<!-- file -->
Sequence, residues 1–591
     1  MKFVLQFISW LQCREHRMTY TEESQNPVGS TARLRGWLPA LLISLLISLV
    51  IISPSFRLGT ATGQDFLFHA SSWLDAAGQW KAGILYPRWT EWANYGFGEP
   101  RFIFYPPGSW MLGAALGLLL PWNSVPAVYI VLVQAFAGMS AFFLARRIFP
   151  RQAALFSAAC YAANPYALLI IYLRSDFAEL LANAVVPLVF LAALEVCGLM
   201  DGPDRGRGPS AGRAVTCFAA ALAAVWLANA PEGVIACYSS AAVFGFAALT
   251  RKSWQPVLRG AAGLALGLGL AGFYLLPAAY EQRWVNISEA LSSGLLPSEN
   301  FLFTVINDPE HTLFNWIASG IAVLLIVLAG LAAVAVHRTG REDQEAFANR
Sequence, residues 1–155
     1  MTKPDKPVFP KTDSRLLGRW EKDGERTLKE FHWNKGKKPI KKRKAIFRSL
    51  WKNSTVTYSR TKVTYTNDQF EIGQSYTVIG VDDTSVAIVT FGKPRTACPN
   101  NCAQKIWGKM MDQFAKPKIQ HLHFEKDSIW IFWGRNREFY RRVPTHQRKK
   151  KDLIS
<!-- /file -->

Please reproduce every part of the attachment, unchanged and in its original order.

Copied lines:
Sequence, residues 1–591
     1  MKFVLQFISW LQCREHRMTY TEESQNPVGS TARLRGWLPA LLISLLISLV
    51  IISPSFRLGT ATGQDFLFHA SSWLDAAGQW KAGILYPRWT EWANYGFGEP
   101  RFIFYPPGSW MLGAALGLLL PWNSVPAVYI VLVQAFAGMS AFFLARRIFP
   151  RQAALFSAAC YAANPYALLI IYLRSDFAEL LANAVVPLVF LAALEVCGLM
   201  DGPDRGRGPS AGRAVTCFAA ALAAVWLANA PEGVIACYSS AAVFGFAALT
   251  RKSWQPVLRG AAGLALGLGL AGFYLLPAAY EQRWVNISEA LSSGLLPSEN
   301  FLFTVINDPE HTLFNWIASG IAVLLIVLAG LAAVAVHRTG REDQEAFANR
Sequence, residues 1–155
     1  MTKPDKPVFP KTDSRLLGRW EKDGERTLKE FHWNKGKKPI KKRKAIFRSL
    51  WKNSTVTYSR TKVTYTNDQF EIGQSYTVIG VDDTSVAIVT FGKPRTACPN
   101  NCAQKIWGKM MDQFAKPKIQ HLHFEKDSIW IFWGRNREFY RRVPTHQRKK
   151  KDLIS